My first pop-culture encounter with tantric sex was—like so many other “edgy” sexual practices, from threesomes to fetishes—during a “SATC” episode. The women attend a tantric sex workshop in which a white-haired woman massages her elderly, blissed-out husband, who, after some buildup, ejaculates into the air and … onto Miranda. Educational? Sure. An accurate depiction of tantra? Not so much, according to my sources.
The word Tantra means “to manifest, to expand, to show and to weave”. In this context, sex is thought to expand consciousness and to weave together the polarities of male (represented by the Hindu god, Shiva), and female (embodied by the Hindu goddess, Shakti), into a harmonious whole.
Although Tantra has long been practised in many eastern cultures, it is just beginning to flourish in the west. Born in India more than 6,000 years ago, tantra emerged as a rebellion against organised religion, which held that sexuality should be rejected in order to reach enlightenment. In its most authentic form, tantra prohibits male ejaculation as the sole objective of the man’s sexual experience. It believes that preoccupation with ejaculation (which many of us men are surely guilty of) wastes sexual energy and robs the woman of her potential for multiple orgasms. However, women may ( and are encouraged to) ejaculate through tantric techniques.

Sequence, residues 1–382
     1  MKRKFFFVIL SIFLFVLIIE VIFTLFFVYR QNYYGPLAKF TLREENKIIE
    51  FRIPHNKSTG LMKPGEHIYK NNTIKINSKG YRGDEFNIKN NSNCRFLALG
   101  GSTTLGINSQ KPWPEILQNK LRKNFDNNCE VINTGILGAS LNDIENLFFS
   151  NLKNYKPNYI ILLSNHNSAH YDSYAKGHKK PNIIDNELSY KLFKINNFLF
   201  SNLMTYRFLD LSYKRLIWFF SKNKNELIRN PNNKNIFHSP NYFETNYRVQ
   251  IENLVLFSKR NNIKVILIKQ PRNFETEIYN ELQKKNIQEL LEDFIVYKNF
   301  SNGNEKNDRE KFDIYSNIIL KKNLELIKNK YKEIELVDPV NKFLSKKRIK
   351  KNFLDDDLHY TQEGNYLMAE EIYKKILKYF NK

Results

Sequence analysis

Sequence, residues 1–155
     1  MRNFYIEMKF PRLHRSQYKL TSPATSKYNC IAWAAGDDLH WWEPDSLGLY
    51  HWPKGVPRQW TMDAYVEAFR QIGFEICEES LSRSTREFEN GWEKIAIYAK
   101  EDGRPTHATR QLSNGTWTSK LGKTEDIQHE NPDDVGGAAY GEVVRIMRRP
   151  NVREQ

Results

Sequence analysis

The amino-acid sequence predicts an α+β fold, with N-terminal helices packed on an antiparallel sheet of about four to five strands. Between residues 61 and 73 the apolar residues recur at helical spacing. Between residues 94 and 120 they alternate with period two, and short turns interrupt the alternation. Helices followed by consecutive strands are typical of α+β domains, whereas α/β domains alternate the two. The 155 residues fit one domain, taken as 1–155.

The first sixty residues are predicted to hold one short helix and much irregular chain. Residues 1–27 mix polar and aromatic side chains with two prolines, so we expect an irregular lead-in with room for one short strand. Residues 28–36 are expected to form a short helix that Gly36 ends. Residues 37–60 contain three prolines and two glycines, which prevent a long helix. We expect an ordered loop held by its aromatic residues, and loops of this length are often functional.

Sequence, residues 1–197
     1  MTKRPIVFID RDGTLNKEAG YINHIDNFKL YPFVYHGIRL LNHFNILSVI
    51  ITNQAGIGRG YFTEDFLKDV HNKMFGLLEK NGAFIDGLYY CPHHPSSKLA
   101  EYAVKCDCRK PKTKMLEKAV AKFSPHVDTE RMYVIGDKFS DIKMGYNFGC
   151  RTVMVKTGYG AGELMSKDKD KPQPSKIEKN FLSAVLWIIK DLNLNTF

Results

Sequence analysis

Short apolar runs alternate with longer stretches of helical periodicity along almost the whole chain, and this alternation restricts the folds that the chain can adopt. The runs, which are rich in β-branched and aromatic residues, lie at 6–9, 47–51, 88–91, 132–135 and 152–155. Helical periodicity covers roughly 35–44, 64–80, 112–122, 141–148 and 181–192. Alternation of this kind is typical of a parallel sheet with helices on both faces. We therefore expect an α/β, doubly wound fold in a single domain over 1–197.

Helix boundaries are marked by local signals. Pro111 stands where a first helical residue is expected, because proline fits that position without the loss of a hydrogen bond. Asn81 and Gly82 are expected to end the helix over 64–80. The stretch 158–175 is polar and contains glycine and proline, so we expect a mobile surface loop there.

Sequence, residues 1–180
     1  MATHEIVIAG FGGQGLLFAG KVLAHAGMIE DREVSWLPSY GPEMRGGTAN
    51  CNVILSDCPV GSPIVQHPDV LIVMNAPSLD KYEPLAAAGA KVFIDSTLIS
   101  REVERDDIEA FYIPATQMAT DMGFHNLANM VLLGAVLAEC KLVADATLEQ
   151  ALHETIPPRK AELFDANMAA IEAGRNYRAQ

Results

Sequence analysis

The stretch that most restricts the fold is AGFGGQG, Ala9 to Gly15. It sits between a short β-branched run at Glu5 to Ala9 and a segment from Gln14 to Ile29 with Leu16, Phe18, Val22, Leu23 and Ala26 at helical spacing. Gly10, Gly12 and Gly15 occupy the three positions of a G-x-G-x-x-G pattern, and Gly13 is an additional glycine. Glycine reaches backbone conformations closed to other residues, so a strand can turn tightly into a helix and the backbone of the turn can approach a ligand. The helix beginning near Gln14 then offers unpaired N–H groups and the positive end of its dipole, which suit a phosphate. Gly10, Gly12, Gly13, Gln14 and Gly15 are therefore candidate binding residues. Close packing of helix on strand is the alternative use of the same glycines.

Couples need not adopt the Tantric pantheon in order to benefit from the sexual wisdom of this ancient art. Tantric sexual practices teach us to prolong the act of making love and to utilize potent orgasmic energies more effectively.
How is tantric sex done? The following will show how sex for both can be more than average, and less than selfish.